Helen Todd, Ramblers Scotland’s campaigns and policy manager, said: “Coul Links is hugely valued by people seeking to enjoy solitude and nature amongst its wild and special dunes. These ill-conceived plans could restrict public access and harm visitors’ and residents’ enjoyment of the area.

“We must stand up for memorable, quiet places like Coul Links – before they’re lost forever. They form an important element of what makes Scotland so special, especially when contrasted to Highland honeypots like Skye or Glencoe.”

John Mackay is ScotWays’ honorary advisor and is scheduled to give evidence at the inquiry on Friday 22 March. He said: “Coul Links is a special place, having one of the finest beaches on the Moray Firth. It sits alongside the Loch Fleet basin, backed by the local hills to the north, all of which combine to create a very fine natural landscape.

“Coul and its wider setting, and the nature conservation interests of this area, are important assets for the many holiday visitors to Embo. They should be protected against development.”

Walkers have the legal right to cross Scotland’s 550+ golf courses, as long as they avoid interfering with play and keep off greens.

However, the design of the Coul Links course will make it difficult for people to avoid such interference, especially when the course is busy. Seven holes cut across an important core path, which also forms part of the newly-developed John o’ Groats Trail.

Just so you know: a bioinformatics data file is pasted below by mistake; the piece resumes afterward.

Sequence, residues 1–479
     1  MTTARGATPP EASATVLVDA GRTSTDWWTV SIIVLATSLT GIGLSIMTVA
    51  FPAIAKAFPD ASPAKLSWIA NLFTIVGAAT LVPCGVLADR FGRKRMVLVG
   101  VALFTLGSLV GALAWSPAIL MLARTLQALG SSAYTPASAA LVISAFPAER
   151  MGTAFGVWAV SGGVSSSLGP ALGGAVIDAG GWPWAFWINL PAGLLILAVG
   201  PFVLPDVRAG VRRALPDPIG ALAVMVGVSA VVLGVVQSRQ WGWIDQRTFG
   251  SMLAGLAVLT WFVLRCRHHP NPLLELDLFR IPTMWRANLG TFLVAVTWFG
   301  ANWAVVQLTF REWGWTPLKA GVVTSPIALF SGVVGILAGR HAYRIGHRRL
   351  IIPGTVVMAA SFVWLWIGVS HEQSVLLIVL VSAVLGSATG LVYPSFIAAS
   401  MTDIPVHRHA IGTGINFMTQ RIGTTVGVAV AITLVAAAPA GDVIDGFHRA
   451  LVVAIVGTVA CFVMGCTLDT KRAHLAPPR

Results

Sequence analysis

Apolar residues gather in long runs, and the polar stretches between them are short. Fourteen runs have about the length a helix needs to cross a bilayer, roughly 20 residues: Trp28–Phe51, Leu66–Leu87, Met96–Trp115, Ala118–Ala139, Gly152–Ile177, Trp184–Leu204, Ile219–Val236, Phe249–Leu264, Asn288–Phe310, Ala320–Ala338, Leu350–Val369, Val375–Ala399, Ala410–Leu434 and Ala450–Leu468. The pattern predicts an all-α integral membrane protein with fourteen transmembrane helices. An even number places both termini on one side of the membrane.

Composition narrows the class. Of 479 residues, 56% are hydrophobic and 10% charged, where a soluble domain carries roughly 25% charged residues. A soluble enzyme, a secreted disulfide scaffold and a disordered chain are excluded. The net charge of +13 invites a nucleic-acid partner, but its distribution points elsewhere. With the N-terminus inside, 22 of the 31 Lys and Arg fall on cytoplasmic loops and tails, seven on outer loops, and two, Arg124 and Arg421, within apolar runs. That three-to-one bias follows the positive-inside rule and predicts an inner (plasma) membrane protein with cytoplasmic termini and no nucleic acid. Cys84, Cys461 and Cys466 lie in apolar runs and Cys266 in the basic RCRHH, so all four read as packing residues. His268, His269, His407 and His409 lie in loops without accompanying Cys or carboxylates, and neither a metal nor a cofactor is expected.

The charities’ evidence includes an article from a local resident on what Coul Links means to her. She writes: “Coul is one of the few truly special places in Scotland, where unexpected encounters with the wild are not only possible, they are likely.”

The first phase of the inquiry began on Tuesday 26 February, focusing on ecological issues. A coalition of seven conservation charities including RSPB Scotland, National Trust for Scotland and Scottish Wildlife Trust argued that the plans seriously threaten biodiversity and wildlife. 

Inquiry reporters will make a recommendation to the Scottish Government, who will ultimately decide the fate of Coul Links. That final result may not be announced for many months after the inquiry ends. 

Highland councillors voted in June 2018 to grant planning permission for the course, despite their own planning officials, Scottish Natural Heritage, concerned residents and a range of environmental groups advising them to refuse the application. After a public outcry, two months later this decision was ‘called in’ by the Scottish Government for further scrutiny at a public inquiry.